posted by pianomover at 1:22 AM on January 12, 2012 [1 favorite]


I'm kind of surprised that there's no Wikipedia article about any of this. Usually major crime stories get an entry.
posted by delmoi at 4:41 AM on January 12, 2012


$240 fee to you for your ankle monitor, what a fucking ripoff. How is that just, to have the parolee pay for that?
posted by Meatbomb at 5:11 AM on January 12, 2012


I just read this article the other day. While I don't think any 19 year old should be texting any 13 year old (much less an actual 11 year old) about any sort of cock besides Foghorn Leghorn, I do think the punishment should fit the crime.

I made a connection, as I was reading, to a book I recently finished, Russell Banks' Lost Memory of Skin. The basic premise was that in the city in which the work was set, there was a group of men who were living under a highway overpass. The reason? They were all sex offenders, from actual men who raped children to men who were convicted for flashing when they were just peeing in public, and the law stated that they were not allowed to be within 1/4 mile of anywhere children might gather. And the only place in the whole city they could go where that was actually true was either the airport or under this overpass.

Then one day, there's a news report about them. There's an outcry that there's this encampment of perverts out there. There's a police raid.

I won't go any further, but I think the sex offender laws are starting to resemble the draconian drug laws of the 70s, and no effort to try and actually think through the problems, the causes and the solutions.

Like in this case: the guy gets probation. He lives in the sticks where you can't get mail delivery. He needs to have documents mailed to and from his actual house (not a POB) in order to maintain probation. Officer comes out, instantly says he's violating his probation, he's going to jail, 15 years.

What bureaucratic nonsense. How much money would it cost the state to warehouse this kid for 15 years? In prison, where he'll no doubt be subjected to all sorts of shit for being a "baby banger" and come out a seriously fucked up, far more criminal individual? Versus going back to court to work out a solution that doesn't cause 3 kids to go on a 19 state crime spree trying to find a better way? I mean, really? We can't put our heads together and come up with something better than that?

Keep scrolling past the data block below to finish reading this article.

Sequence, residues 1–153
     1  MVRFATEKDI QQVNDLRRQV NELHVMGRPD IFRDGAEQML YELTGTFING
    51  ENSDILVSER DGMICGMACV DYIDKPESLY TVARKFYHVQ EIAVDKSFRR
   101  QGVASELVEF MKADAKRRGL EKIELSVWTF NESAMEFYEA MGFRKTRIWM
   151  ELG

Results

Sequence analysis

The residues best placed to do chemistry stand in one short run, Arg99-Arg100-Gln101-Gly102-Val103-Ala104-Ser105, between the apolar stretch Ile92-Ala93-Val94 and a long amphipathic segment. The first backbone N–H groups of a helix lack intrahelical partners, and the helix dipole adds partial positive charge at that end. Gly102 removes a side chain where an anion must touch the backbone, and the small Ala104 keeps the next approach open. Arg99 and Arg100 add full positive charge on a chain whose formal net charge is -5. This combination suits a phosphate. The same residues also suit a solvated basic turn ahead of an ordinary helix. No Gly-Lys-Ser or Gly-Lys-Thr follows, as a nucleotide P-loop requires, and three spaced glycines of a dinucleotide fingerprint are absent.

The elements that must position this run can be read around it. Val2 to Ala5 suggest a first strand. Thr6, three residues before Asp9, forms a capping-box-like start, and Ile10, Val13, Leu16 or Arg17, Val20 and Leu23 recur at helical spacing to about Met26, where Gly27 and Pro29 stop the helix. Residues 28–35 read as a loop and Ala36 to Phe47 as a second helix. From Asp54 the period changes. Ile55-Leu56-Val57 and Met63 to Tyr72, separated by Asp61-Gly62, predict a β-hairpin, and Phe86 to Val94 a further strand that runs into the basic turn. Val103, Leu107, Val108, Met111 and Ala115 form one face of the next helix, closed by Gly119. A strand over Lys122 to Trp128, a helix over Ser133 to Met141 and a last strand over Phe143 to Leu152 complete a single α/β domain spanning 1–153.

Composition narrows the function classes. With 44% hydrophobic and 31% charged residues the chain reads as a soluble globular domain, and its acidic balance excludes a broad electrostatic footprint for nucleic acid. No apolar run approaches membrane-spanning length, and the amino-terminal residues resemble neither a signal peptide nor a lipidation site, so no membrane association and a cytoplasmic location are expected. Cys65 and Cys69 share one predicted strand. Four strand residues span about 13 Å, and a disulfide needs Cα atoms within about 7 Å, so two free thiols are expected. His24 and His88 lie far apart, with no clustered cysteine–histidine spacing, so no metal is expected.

posted by nevercalm at 5:14 AM on January 12, 2012 [7 favorites]


USA today reports that Ryan had 14 previous felony convictions, including probation violations, burglary, and hit and run. A 15 year sentence- with probation- doesn't seem unreasonable for a repeat offender at this magnitude.
posted by jenkinsEar at 5:59 AM on January 12, 2012 [1 favorite]


Google map of some of the locations.
posted by kirkaracha at 6:38 AM on January 12, 2012


Great article, though pretty heartbreaking. How anyone can justify this system of corrections and incarceration is beyond me.
posted by broadway bill at 7:00 AM on January 12, 2012


It sounds from the article like these three have gotten the shit end of the stick for pretty much their entire lives, and I can easily believe it – there are millions of kids like that in this country, millions of adults too. It's not hard to see why they might not be shining exemplars of human potential. This business with the parole officer was just the last straw in a long sorry story of abuse, neglect, loss, and despair. Their reaction was irrational and probably foolish, but given the context of their lives I can easily understand why it would look like they had few other options. Hell, I'm not even sure they were wrong about that.
posted by Scientist at 7:31 AM on January 12, 2012


$240 fee to you for your ankle monitor

Every once in a while the system slips up and makes it really blatant that if you have money you don't go to jail. It's not about having a better lawyer, or knowing a friend of the DA, or being an "upstanding member of the community". Nope! Just write us a check and be on your way.
posted by Tell Me No Lies at 9:24 AM on January 12, 2012 [4 favorites]


Can anyone else access GQ articles on their iPhone? I always get the ""Could not open the page, too many redirects" error.
posted by beepbeepboopboop at 11:46 AM on January 12, 2012


Beepbeepboopboop - that happens to me. Copy and pasting the URL from the menu post into a new browser window works for me.
posted by youthenrage at 7:28 PM on January 12, 2012